For more information go to


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Get Wicked Chops

If you’re familiar with my past reviews and endorsements you know that I don’t fall for gimmicks. I only spend my time testing things that are truly beneficial to the user. Often these items are revolutionary. They can also be so ingenious you wished you had thought of them first. One such item is the innovative WICKED CHOPS™ PRACTICE PAD. Accuracy is a far too neglected aspect of drumming. When we are first starting out our instructors tell us to maintain an even stick height and to consistently strike in the center of the drum. Sometimes they will draw a circle or tape a silver dollar to the drumhead to use as a target.

The WICKED CHOPS™ PRACTICE PAD is a drum pad that is the same size and helps you to master accuracy, dynamics, power, speed and endurance. It does this regardless of the skill level as it forces the user to make contact with a small focused surface. Using the pad is much harder than it looks. I had a ball alternating between doubles and paradiddles at slow and medium tempos. I need more work to get to the fast ones and that’s the whole point. The WICKED CHOPS™ PRACTICE PAD takes time to master. That makes it an exceptional training tool. It screws onto the top of a standard cymbal stand for your convenience and you can take it anywhere. If you’re looking to take your practice routine to the next level get yourself a WICKED CHOPS™ PRACTICE PAD. Visit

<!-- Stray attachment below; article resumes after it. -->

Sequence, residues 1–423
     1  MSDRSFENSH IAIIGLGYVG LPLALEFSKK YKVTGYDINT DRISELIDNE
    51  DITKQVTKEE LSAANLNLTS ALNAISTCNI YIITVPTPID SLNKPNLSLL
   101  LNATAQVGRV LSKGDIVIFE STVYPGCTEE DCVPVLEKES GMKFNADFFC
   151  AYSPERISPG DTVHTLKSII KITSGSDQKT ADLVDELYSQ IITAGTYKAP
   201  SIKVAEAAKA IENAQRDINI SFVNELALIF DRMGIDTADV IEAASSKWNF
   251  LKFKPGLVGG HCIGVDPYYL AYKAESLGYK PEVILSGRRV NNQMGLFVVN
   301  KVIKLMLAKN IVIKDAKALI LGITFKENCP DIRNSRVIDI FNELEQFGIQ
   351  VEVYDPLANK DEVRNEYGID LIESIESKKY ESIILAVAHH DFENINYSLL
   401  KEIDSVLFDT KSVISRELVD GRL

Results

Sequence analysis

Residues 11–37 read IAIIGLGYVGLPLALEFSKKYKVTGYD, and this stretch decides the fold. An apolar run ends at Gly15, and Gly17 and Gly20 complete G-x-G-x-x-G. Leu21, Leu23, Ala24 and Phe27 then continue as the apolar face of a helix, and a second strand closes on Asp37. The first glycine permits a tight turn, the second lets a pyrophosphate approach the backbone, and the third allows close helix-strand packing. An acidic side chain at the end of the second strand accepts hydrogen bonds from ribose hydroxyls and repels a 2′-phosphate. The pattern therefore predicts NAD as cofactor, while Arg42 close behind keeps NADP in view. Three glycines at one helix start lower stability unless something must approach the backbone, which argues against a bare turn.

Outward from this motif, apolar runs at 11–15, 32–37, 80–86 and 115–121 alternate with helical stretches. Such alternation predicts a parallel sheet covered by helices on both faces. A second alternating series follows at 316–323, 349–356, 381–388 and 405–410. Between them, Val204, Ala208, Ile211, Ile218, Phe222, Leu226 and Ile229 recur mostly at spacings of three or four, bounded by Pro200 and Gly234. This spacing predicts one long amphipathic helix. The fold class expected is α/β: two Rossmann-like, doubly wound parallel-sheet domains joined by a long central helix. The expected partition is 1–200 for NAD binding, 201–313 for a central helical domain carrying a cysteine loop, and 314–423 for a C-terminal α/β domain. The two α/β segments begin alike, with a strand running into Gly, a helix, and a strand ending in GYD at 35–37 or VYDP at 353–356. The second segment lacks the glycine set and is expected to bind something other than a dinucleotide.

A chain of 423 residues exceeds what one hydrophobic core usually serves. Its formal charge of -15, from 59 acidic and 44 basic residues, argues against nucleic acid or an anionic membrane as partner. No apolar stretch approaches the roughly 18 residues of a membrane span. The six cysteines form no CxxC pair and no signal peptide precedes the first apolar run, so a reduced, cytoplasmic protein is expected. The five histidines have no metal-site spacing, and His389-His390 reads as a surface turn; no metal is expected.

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Great YouTube Channel

I just discovered an amazing resource on the Internet that provides real-time drum notation and playback of great music from the 1960’s-today. It’s on a YouTube channel called Jack Young Drums Teacher and it has a wide variety of music from The Beatles to Nirvana. I found this channel while looking for my all-time favorite song “She Sells Sanctuary” by The Cult. I recommend this resource if you’re looking for animated notation to some of music’s most popular songs.